The impact of breeding for pathogen resistance on the rhizosphere microbiome assembly in common bean (Phaseolus vulgaris L.)
Applied Microbiology: Open Access

Applied Microbiology: Open Access
Open Access

ISSN: 2471-9315

The impact of breeding for pathogen resistance on the rhizosphere microbiome assembly in common bean (Phaseolus vulgaris L.)

12th International Congress on Microbial Interaction and Applications of Beneficial Microbes

July 17-18, 2017 Munich, Germany

Siu Mui Tsai, Lucas William Mendes, Jos M Raaijmakers, Mattias de Hollander and Rodrigo Mendes

University of Sao Paulo, Brazil
NIOO-KNAW, Netherlands
Leiden University, Netherlands
Brazilian Agricultural Research Corporation, Brazil

Posters & Accepted Abstracts: Appli Micro Open Access

Abstract :

The rhizosphere microbiome plays a key role in plant growth and health, providing a first line of defense against pathogen root infection. Here, we investigated how breeding for resistance of common bean (Phaseolus vulgaris L.) to the soil borne pathogen Fusarium oxysporum (Fox) changes the composition and functional potential of the bacterial community when present in a bean rhizosphere. Rhizobacterial abundance was positively correlated with Fox-resistance, tested in four different bean cultivars grown in two contrasting soils. Pseudomonadaceae, Bacillaceae, Solibacteraceae and Cytophagaceae showed highest abundance in the rhizosphere of the resistant cultivar. Network analyses showed a non-modular topology of the rhizosphere microbiome of the Foxresistant cultivar, suggesting a more complex and highly connected bacterial community when compared to the Fox-susceptible cultivar. Further metagenome analyses revealed that specific functional traits such as protein secretion systems and genes involved in the biosynthesis of antifungal phenazines and rhamnolipids were more abundant in the rhizobacterial community of the Fox-resistant cultivar. In conclusion, our findings suggest that breeding for Fox-resistance in common bean co-selected for other unknown plant traits that support a higher abundance of specific beneficial bacterial families in the rhizosphere with functional traits that may reinforce the idea of being as a first line of the plant defense in the soil.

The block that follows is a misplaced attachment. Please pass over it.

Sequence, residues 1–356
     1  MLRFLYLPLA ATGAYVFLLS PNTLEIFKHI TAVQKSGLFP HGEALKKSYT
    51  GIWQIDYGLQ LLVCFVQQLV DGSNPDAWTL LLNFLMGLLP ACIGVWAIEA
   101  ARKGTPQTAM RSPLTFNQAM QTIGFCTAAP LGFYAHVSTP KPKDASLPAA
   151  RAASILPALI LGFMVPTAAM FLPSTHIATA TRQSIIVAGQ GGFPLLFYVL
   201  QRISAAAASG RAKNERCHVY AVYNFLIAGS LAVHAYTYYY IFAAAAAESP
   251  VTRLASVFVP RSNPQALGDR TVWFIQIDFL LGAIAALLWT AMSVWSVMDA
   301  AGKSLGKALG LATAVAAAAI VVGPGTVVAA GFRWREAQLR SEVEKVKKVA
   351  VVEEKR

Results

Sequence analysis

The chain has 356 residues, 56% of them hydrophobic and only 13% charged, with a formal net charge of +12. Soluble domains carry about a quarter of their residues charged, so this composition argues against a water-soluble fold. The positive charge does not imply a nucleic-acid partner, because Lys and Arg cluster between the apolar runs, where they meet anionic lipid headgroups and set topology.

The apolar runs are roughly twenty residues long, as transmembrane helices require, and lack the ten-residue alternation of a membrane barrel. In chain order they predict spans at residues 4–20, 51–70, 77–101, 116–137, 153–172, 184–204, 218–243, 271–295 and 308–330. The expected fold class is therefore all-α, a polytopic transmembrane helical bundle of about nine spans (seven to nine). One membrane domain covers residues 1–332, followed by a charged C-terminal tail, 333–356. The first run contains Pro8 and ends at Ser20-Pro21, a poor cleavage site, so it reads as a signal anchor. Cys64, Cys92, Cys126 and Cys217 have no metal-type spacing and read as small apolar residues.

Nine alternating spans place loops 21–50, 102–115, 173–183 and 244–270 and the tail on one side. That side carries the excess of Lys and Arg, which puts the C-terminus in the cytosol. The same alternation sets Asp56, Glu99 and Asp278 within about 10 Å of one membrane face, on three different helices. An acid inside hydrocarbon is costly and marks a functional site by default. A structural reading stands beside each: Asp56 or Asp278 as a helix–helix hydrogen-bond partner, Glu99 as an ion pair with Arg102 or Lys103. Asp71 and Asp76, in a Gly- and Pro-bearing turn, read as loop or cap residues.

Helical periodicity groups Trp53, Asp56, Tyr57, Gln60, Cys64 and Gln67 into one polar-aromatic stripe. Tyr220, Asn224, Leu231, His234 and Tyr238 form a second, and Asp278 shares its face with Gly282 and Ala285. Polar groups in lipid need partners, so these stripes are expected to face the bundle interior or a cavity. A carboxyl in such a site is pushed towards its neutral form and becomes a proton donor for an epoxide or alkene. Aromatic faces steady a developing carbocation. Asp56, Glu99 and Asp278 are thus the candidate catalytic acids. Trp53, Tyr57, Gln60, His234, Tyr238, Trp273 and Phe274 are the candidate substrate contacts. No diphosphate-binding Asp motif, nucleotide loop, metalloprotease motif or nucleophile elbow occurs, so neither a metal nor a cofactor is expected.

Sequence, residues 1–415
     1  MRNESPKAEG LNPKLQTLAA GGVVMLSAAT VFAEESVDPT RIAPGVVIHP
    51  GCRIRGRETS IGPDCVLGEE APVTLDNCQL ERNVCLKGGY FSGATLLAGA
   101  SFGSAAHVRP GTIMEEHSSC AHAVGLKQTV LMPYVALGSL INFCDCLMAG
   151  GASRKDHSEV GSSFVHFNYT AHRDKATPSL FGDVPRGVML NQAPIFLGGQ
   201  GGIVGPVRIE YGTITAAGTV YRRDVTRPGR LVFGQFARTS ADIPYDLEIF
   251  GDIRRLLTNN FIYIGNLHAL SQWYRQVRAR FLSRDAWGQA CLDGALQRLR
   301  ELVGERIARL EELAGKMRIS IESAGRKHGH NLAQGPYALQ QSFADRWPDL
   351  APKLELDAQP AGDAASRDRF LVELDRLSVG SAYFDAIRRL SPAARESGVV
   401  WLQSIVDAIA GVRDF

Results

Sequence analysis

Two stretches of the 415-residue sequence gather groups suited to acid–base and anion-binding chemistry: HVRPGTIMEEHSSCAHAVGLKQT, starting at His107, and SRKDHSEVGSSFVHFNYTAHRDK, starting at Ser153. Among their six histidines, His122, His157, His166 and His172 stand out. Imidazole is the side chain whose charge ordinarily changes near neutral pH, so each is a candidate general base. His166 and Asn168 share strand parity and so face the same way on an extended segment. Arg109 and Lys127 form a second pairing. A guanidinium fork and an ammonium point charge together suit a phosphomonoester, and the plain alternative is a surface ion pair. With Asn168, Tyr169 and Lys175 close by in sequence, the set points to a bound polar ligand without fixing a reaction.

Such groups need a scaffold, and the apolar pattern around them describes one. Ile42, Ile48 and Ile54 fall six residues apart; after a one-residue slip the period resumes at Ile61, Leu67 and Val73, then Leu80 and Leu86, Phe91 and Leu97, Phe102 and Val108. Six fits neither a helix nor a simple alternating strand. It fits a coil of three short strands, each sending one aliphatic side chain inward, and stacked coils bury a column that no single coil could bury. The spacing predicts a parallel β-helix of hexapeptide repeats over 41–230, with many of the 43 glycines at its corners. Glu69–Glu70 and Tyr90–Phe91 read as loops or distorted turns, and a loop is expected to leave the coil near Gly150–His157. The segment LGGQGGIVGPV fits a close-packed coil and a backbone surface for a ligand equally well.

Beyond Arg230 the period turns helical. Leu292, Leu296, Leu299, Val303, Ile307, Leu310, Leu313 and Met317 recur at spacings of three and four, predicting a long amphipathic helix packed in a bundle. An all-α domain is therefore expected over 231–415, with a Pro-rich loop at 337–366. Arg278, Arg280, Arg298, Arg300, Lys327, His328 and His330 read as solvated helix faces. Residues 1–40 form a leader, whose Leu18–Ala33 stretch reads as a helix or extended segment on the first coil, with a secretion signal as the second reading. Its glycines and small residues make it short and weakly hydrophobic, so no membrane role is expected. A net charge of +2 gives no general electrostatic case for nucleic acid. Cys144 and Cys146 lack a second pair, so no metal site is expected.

Biography :

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